Brigadier General John Forbes (or Fforbes) lived from 5 September 1707 to March 11, 1759. He was a British Army officer best known for his role in the French and Indian War, the North American end of the Seven Years' War. The wider picture in Scotland at the time is set out in our Historical Timeline.
John Forbes was born on the family estate at Pittencrieff on the western outskirts of Dunfermline in Fife: today the house is a museum and the estate is a public park. He was the son of an army officer, Lieutenant Colonel John Forbes and his wife Elizabeth Graham. John initially trained for a career in medicine but abandoned this when he purchased a commission and became an officer in the The Royal North British Dragoons, better known as the Scots Greys.
Forbes quickly saw action abroad in the War of the Austrian Succession, and then served under the Duke of Cumberland during the 1745 Jacobite Uprising, taking part in the Battle of Culloden. In 1750, Forbes was promoted to the rank of Lieutenant Colonel in the Scots Greys. In 1757 he was sent to North America as Colonel of the 17th Regiment of Foot to fight the French and their Native Indian allies in what was effectively the New World end of the Seven Years' War then taking place across Europe. He was promoted to Brigadier General at the end of the same year and given command of an expedition, later known as the Forbes Expedition, sent to capture Fort Duquesne, an important French stronghold on the Ohio River that had two years previously defeated British attempts to capture it.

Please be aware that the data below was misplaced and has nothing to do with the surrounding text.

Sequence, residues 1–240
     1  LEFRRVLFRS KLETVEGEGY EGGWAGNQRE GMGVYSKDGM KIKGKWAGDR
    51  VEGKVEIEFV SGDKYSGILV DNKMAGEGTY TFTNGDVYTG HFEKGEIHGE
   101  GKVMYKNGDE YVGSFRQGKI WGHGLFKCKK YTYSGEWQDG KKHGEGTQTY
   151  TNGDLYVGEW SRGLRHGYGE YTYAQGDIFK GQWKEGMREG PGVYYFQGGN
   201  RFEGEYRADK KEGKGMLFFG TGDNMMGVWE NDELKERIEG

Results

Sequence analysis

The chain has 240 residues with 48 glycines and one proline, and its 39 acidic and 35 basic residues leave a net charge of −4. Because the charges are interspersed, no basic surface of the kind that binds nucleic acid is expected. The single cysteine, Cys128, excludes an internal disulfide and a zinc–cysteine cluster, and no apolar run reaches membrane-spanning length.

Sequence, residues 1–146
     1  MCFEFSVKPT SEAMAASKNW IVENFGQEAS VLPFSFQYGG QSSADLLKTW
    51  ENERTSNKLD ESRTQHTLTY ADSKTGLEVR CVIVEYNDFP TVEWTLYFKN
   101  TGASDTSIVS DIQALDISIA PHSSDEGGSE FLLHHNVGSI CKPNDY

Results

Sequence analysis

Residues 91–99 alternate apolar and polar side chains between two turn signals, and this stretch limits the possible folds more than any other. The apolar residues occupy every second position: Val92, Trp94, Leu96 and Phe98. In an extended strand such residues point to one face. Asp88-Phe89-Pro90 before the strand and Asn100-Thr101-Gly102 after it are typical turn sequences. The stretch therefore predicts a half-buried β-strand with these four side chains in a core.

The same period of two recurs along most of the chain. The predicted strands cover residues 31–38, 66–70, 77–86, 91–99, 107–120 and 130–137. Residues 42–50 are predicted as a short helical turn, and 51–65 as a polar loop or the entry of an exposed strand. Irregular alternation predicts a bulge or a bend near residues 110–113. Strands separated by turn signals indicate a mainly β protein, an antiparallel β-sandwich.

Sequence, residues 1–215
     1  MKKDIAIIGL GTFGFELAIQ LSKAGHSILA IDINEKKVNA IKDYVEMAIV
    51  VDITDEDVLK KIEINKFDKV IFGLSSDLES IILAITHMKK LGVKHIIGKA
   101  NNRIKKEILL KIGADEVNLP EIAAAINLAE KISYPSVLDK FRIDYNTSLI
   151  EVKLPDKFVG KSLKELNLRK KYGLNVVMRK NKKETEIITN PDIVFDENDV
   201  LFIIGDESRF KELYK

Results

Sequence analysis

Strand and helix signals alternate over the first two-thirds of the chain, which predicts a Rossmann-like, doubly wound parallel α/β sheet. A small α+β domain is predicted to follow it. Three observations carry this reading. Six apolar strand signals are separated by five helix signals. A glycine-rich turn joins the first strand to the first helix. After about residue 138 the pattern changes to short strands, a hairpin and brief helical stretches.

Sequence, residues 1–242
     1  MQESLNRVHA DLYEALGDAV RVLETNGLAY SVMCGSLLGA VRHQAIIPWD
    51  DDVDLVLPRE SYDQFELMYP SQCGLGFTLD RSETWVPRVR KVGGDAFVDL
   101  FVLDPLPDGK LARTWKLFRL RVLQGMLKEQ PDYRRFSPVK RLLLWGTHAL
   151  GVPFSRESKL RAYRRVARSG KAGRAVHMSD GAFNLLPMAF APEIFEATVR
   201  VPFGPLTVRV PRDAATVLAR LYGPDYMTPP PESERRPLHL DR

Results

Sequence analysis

During much of 1758, Forbes, working from his headquarters in Philadelphia, prepared for his advance into Ohio by building a new road protected by a series of forts from eastern Pennsylvania that crossed the Allegheny Mountains. His force of 7,000 men began their advance in the summer, with his advance guard being defeated at the Battle of Fort Duquesne during the night of 13-14 September 1758. As a result, Forbes decided to hold off from a full assault on the Fort until the following Spring. Within a short time, however, diplomatic moves led to the Native Indian tribes of the Ohio Valley changing sides to support the British. Forbes took advantage of the weakened French position and marched on Fort Duquesne, which was abandoned and burned by its defenders before the British arrived.
Forbes remained at Fort Duquesne until November 1758, having it rebuilt and renamed as Fort Pitt, after William Pitt, the Secretary of State in the British Government. Today the site of Fort Pitt lies within the city of Pittsburgh. Forbes had fallen ill during the campaign and in December 1758 he returned to Philadelphia, where he died the following March. He was buried in Christ Church in Philadelphia.